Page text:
The idea is simple to explain, complicated to pull off: Let people store whatever they want, and make it encrypted in such a way that no one can see the data unless that single user decides it.

This, of course, means that MEGA can’t see it, nor can any government agency in the world.

Interesting.. You said something about video?

To keep the blog on task, the question is: Will this work for all my video?

4TB of storage for $29.99/mo is decent enough to consider, if it means never having to think about security again.
Home movies, recordings for court cases, and hypothetically: even movies that the MPAA does not want you to have.

However, as it stands, MEGA does not fit in to any solution for actually watching video content.

To be fair; this is just not what it’s made for.

The way it works means that in order to view any file stored on mega, it must first be downloaded to your computer, then decrypted.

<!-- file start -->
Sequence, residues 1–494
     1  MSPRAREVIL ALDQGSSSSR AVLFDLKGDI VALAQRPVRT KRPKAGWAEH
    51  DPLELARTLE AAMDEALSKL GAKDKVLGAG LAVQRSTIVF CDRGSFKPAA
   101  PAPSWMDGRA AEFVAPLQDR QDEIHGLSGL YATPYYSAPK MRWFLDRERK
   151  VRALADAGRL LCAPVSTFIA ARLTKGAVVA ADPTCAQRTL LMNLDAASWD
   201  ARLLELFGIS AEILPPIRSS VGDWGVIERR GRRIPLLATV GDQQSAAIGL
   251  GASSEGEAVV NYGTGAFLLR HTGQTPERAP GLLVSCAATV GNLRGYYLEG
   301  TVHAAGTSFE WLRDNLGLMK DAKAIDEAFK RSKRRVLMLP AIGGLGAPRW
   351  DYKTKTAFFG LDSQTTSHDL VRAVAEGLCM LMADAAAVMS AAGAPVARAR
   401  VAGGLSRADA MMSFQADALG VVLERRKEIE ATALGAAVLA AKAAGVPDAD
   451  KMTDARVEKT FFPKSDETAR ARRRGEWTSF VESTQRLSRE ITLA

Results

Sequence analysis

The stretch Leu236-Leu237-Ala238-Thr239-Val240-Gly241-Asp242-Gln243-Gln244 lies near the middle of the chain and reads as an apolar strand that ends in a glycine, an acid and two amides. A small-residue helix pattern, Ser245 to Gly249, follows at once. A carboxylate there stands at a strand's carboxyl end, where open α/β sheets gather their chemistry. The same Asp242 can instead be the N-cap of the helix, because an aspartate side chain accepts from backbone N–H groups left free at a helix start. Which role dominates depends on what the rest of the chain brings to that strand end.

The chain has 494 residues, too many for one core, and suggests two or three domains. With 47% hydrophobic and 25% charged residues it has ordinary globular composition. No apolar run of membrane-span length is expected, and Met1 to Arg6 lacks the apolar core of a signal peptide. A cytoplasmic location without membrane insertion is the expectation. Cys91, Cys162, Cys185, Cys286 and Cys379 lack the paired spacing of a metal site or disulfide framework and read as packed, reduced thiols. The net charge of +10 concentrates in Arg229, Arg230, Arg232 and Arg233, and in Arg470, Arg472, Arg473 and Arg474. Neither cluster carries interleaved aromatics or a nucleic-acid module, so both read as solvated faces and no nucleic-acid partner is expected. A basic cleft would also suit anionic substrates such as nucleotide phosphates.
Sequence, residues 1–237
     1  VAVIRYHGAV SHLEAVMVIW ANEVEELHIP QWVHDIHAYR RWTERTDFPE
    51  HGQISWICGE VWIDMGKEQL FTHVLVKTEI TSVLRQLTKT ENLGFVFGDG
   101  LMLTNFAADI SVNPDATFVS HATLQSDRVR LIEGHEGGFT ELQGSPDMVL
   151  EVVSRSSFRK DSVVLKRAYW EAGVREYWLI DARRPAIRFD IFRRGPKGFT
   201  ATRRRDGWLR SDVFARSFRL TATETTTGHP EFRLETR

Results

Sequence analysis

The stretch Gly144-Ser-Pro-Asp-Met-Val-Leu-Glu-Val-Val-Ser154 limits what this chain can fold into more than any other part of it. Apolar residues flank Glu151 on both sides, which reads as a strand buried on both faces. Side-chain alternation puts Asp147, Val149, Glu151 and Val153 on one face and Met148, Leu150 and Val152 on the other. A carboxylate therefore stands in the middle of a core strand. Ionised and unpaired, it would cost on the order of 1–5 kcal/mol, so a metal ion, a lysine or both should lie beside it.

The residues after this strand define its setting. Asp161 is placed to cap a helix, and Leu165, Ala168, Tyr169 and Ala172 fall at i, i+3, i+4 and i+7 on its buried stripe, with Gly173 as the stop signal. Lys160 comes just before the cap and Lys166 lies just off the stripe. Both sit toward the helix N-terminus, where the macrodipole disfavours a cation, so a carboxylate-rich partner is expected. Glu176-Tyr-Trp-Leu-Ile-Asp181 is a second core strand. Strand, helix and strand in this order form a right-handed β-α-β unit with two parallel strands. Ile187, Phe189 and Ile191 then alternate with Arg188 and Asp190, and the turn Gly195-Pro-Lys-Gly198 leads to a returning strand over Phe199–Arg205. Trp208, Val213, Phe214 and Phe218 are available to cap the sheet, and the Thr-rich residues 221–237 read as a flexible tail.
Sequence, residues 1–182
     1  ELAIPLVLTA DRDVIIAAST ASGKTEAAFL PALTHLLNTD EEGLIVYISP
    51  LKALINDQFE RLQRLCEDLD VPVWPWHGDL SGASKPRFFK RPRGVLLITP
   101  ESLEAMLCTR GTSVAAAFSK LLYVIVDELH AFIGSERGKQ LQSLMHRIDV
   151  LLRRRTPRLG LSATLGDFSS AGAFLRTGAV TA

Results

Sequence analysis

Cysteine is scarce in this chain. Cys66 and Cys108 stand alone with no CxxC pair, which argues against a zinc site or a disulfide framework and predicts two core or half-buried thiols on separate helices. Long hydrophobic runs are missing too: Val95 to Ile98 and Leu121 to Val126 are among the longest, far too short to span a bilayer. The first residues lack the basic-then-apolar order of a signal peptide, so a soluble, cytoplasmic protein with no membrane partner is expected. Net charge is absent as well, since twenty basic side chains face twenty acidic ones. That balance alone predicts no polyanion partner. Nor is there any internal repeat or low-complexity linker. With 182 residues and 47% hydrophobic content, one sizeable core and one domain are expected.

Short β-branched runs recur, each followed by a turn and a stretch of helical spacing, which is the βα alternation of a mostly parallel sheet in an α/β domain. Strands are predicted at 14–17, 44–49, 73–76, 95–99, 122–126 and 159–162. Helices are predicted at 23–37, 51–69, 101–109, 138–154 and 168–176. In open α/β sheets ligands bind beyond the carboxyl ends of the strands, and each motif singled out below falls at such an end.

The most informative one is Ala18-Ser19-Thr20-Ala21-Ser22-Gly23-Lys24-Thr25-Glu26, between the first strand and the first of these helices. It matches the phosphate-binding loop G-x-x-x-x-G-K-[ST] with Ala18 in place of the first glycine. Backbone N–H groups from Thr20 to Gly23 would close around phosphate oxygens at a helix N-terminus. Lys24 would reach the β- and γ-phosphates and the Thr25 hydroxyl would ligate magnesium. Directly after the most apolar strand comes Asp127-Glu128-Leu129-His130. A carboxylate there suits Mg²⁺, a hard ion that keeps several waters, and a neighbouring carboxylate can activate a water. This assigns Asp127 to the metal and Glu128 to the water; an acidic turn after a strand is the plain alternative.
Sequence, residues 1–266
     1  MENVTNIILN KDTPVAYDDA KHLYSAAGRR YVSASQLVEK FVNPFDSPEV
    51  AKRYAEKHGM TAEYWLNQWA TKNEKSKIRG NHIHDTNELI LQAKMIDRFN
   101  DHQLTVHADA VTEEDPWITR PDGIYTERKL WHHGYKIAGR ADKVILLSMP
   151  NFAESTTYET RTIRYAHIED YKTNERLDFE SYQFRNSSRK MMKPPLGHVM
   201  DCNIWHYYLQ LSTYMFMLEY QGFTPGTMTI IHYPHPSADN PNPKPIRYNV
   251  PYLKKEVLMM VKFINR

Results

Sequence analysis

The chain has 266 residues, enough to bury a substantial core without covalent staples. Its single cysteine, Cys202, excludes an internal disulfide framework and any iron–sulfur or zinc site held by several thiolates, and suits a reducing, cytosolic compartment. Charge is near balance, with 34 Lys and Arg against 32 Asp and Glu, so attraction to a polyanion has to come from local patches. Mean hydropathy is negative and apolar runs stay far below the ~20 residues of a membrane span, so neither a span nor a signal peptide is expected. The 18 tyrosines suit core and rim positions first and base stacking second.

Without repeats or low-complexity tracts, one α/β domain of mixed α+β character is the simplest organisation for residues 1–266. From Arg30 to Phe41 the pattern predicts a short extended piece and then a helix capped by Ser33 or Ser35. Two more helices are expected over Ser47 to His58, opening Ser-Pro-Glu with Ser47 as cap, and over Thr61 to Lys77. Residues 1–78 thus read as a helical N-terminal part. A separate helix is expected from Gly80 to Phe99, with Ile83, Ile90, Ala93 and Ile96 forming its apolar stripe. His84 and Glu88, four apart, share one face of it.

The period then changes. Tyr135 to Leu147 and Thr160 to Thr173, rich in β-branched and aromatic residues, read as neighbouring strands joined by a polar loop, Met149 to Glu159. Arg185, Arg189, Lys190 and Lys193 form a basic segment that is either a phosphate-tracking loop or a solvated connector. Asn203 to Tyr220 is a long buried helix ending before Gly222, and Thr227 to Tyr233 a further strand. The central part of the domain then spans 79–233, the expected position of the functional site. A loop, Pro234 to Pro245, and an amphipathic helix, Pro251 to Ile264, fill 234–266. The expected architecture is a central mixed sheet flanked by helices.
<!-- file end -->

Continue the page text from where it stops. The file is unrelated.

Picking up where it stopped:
Very much a “file locker” where everything is locked away safe until you need it, then it’s locked again when you walk away with whatever you came for.

Of course, this means that streaming files is completely out, and it’ll take some serious work (assuming anyone is interested in doing the work)  before there’s a program that can talk to MEGA, download the file, decrypt it, then show it to you.

For now, everything is accessed through the browser, and while there is an API, it’s going to really come in to it’s own for encrypting communication, not static files.

I’m going to try it out, simply because it’s worth seeing how it’s done, but to be honest; it just doesn’t fit in to anything I do right now, and it won’t until it’s as seamless as Dropbox or Bitcasa, with mobile apps and everything.



Aside from all this, there is one thing I want to say about the Terms of use and Privacy policy: